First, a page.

Embroidery, traditionally done by hand, is one of the wondrous arts of Vietnam that is visually unique and delightfully special.
It’s not actually known when embroidery art arrived in Vietnam. Le Cong Hanh, who was Vietnam’s envoy to China during the Ming Dynasty (1368-1644), is often credited as the founding father of the art at the beginning of the 17th century. It is believed that Le Cong Hanh combined both Chinese and Vietnamese artistry to create the unique embroidery techniques used in modern-day Vietnam.
Today, appreciators of Vietnamese embroidery can see themes such as nature, landscape, flowers, animals, and scenes of religion and Vietnamese history. Normally displayed in a framed format to be hung on walls, the embroidery work can also be used on screens, fans, curtains, and other decorative items.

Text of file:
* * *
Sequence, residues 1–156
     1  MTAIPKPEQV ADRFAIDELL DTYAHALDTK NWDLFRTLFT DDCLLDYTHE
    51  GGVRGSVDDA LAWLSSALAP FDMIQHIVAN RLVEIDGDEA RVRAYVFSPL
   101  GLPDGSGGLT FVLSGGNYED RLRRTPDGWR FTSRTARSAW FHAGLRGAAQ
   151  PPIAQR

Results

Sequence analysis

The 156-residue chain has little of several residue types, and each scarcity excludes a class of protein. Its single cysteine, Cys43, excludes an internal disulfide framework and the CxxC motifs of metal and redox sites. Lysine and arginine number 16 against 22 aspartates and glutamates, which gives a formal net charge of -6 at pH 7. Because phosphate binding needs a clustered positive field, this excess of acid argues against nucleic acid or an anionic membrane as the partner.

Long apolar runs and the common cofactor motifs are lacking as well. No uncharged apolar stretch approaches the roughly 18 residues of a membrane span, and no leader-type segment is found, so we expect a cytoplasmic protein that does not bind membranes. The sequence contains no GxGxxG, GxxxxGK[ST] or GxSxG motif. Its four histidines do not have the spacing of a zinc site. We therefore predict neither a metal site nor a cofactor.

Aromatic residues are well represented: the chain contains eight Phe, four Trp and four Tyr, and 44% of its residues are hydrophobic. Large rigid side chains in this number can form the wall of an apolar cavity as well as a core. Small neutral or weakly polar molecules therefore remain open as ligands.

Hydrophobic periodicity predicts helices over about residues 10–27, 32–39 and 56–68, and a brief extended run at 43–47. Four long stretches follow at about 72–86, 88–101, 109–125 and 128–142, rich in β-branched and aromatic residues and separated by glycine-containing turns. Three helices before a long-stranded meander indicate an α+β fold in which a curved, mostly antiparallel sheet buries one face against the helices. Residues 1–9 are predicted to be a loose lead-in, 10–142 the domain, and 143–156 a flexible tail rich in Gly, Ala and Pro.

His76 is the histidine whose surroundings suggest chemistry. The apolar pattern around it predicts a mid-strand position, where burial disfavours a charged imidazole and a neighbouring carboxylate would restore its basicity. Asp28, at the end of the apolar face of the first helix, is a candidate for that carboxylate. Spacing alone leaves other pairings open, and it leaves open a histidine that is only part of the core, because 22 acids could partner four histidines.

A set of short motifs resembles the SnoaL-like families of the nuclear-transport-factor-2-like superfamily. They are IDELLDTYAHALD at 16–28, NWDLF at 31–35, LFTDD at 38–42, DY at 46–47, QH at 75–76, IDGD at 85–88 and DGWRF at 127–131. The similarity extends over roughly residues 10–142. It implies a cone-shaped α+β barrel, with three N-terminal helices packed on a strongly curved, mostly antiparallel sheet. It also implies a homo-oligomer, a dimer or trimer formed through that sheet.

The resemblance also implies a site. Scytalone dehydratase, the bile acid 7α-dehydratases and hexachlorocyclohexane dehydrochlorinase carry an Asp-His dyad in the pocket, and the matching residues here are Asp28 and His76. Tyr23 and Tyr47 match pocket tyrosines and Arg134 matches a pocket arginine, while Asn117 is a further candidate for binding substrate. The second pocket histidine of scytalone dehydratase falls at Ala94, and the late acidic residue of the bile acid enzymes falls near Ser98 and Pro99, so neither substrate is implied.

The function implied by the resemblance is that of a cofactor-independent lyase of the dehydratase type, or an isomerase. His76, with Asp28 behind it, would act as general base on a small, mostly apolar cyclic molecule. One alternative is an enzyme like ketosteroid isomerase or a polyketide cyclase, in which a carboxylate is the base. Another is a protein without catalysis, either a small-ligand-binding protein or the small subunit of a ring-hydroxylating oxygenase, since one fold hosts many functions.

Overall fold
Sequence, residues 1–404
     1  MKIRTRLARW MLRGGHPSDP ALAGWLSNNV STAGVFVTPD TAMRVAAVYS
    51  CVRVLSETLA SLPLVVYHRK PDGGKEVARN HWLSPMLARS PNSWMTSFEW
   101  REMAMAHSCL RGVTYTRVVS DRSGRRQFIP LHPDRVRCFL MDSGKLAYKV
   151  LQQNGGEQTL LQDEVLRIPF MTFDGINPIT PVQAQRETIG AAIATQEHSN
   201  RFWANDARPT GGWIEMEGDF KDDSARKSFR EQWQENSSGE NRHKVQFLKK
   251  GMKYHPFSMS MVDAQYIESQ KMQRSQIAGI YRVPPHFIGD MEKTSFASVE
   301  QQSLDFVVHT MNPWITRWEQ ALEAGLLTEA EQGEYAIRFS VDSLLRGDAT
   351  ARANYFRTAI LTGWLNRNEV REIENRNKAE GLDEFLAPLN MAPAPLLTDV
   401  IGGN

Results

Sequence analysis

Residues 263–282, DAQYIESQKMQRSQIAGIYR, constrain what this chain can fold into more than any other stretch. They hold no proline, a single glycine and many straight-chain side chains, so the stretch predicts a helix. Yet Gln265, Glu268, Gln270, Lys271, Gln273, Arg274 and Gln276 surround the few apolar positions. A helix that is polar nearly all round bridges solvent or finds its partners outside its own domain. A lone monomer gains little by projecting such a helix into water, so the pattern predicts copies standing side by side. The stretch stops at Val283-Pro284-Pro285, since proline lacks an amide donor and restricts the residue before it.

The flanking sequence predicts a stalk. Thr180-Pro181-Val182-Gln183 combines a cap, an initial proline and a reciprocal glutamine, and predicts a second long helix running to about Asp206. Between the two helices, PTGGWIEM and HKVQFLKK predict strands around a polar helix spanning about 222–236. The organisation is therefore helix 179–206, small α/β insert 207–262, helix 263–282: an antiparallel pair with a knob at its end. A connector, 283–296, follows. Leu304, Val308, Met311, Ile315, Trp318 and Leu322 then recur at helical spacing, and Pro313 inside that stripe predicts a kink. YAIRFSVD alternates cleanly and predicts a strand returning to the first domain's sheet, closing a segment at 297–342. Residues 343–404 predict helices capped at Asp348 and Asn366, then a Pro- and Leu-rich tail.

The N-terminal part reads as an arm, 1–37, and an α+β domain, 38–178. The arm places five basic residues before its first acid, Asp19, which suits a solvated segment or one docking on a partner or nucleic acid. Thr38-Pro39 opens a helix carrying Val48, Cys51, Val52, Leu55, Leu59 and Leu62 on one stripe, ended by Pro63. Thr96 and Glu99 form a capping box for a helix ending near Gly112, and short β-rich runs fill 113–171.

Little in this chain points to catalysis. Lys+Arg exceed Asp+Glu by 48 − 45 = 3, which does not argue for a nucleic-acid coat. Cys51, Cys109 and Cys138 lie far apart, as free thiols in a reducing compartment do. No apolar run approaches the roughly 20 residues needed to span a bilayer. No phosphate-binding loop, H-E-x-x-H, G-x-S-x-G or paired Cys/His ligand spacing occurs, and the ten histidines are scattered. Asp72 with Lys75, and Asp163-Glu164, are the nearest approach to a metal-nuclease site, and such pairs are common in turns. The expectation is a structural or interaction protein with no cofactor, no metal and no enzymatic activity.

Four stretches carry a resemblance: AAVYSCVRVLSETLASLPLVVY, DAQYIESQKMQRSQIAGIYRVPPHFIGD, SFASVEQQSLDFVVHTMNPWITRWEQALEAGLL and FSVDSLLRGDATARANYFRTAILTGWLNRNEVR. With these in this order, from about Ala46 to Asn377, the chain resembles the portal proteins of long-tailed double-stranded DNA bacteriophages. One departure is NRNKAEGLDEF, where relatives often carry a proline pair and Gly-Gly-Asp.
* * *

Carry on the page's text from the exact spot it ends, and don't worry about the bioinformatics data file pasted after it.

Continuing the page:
Perfume River had the opportunity to visit an embroidery workshop outside of Hanoi where experienced and apprentice Vietnamese artisans, young and older, sat and meticulously embroidered a variety of subjects, from simple to intricate. We marveled at the different stitching techniques used to create a variety of depth and light effects.
We also visited the creative space and showroom of XQ Vietnam in Ho Chi Minh City. An authority in hand embroidery art and history, XQ has several branches throughout Vietnam as well as in the USA and Russia.
In the end, we learned that Vietnamese hand embroidery is deeply connected to music, painting, and poetry. Subjects of nature, people, still life, and history are but elements of the human condition, and it is through the patient work of hand embroidery that allows us to meditate on the human condition and the world we live in. It was an important lesson for us: Vietnamese hand embroidery is, in fact, quiet meditation.